Shop Mobile More Submit  Join Login
Traditional Greyscale Painting by AmandaDrage Traditional Greyscale Painting by AmandaDrage
EDIT If this thing is showing up halfway down the damn page for you (like it is me) then just click the image and it returns to small-view and the page rights itself. I have no idea why it's doing this. dA sucks.

Greyscale method - traditional style!
(AKA Grisaille painting with overlaid colour glazes, in oil paints)

1: Toning the canvas - I graduated from pale to mid grey, bottom to top, using a mix of white and Payne's grey.

2: Painting straight in with rough forms, whilst the first grey layer is still wet. Still using only Payne's grey lightened with a little white...

3: ...followed immediately after with some shading, using soft darks and lights (not too contrasty - if you go too dark, the colour glazes will not work). Also took the opportunity to obliterate that ugly branch while the paint was still wet.

4: Once this had all dried, I added final darks and lights - still being careful not to add too much on the dark side of things. You want to be left with an image that looks like it's had the contrast turned down a bit in Photoshop. Also, stick to your monochrome palette. I like to use Payne's grey because it's not derived from straight black - it has a bluish-purple undertone to it.

5: Adding colour glazes. This is done by using a little Liquin to the paint to make it a bit transparent. You don't have to use Liquin if you don't wish to (it can create problems if not used correctly) - you can just apply straight paint very thinly. And make sure to wait til the underpainting is very much touch-dry before you add the colours!
You can also add more details and sharpen up the lights and darks if you wish. (I did.)

Hope it's helpful and whatnot.
Final painting: [link]
Add a Comment:
 
:iconlusoriano:
lusoriano Featured By Owner Sep 20, 2011  Student Traditional Artist
Thanks for the tips... I'll try to do the same!
Reply
:iconamandadrage:
AmandaDrage Featured By Owner Sep 25, 2011
:thumbsup: I hope it's helpful!
Reply
:iconsketcherjak:
sketcherjak Featured By Owner Mar 6, 2011
very cool!
Reply
:iconamandadrage:
AmandaDrage Featured By Owner Mar 7, 2011
It is, but also a bit hairy when occasionally you get to the colour stage and proceed to ruin the black-and-white image (which I did once)
Reply
:iconsketcherjak:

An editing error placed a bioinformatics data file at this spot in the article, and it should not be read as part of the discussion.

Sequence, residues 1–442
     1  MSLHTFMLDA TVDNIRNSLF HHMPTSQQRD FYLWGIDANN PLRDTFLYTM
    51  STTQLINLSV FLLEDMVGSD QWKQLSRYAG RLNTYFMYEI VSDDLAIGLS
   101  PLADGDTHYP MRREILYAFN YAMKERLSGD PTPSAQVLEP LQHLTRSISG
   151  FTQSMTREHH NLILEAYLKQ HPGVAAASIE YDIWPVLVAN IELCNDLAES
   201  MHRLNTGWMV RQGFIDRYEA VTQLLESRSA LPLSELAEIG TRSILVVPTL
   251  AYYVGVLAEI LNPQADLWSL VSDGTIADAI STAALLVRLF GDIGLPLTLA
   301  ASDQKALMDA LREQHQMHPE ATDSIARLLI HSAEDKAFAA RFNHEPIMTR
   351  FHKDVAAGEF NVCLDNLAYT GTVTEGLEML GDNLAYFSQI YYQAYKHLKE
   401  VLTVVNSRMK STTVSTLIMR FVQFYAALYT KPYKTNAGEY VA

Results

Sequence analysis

sketcherjak Featured By Owner Mar 8, 2011
If it only happened once, you're doing better than me.
Reply
:iconmeihua:
meihua Featured By Owner Mar 6, 2011
That is an interesting method! I've never heard of greyscale painting being used with traditional media :D
Reply
:iconamandadrage:
AmandaDrage Featured By Owner Mar 7, 2011
Yeah it actually only just recently struck me that it's pretty much the same thing. The grisaille and glazing method was widely used by old masters of oilpainting. I've got a way to go before I can use it to full effect as they did, though :XD:
Reply
:iconrafica:
Rafica Featured By Owner Mar 6, 2011  Hobbyist General Artist
hhhmmmm, probably not as effective in watercolors but that might be a ton of fun to try out...
Reply
:iconamandadrage:
AmandaDrage Featured By Owner Mar 7, 2011
Lol yeah I reckon you might find yourself in the sticky if you try this with wc :lol: Or just a big grey-brown puddle on the paper. Maybe you could do a ballpoint/waterproof ink and then overlay the colours in watercolour? I want to try that!
Reply
:iconrafica:
Rafica Featured By Owner Mar 10, 2011  Hobbyist General Artist
haha yeah seriously! i wonder what the result would really be though...
oooooo that'd be fun! i might just try that :la:
Reply
:iconhennap:
hennap Featured By Owner Mar 6, 2011  Hobbyist Digital Artist
Its just so amazing how you can work on both medias and still be great:aww: :hug:
Reply
:iconamandadrage:
AmandaDrage Featured By Owner Mar 7, 2011
I try my best ;) :hug:!
Reply
:iconhennap:
hennap Featured By Owner Mar 7, 2011  Hobbyist Digital Artist
I can tell:glomp:
Reply
:iconjennycallie:
Jennycallie Featured By Owner Mar 6, 2011  Student General Artist
This is super helpful actually haha. I love seeing how art (especially paintings) is created. I may have to try this out some time, using these steps.

Love the final product, too. I think it's just the right amount of detail, and they're just so cute. :aww:
Reply
:iconamandadrage:
AmandaDrage Featured By Owner Mar 7, 2011
Thank you :)! If you do try it, definitely have a read-up on Liquin (if you decide to use it) - it's a bit of a bugger and I recently realised I've been using it a bit wrongly with goodness-knows-what eventual consequences!
Reply
:icongreatalmightyqueen:
Greatalmightyqueen Featured By Owner Mar 6, 2011  Hobbyist Digital Artist
Aaaah, super neat. I really, really need to find an excuse to try oil paint, it just looks like too much fun.
Reply
:iconamandadrage:
AmandaDrage Featured By Owner Mar 7, 2011
Thanks :D It's fun yet horribly frustrating at times...
Reply
:iconblackhorsewhispers:
blackhorsewhispers Featured By Owner Mar 6, 2011  Hobbyist General Artist
Interesting one! Never seen this technique before.
Reply
:iconamandadrage:
AmandaDrage Featured By Owner Mar 7, 2011
Thanks :) It's a very old technique that was used by oil painting masters. (Or at least a shabbier slightly more amateur version of it!)
Reply
Add a Comment:
 
×




Details

Submitted on
March 6, 2011
Image Size
351 KB
Resolution
1250×352
Link
Thumb
Embed

Stats

Views
1,545
Favourites
38 (who?)
Comments
19
×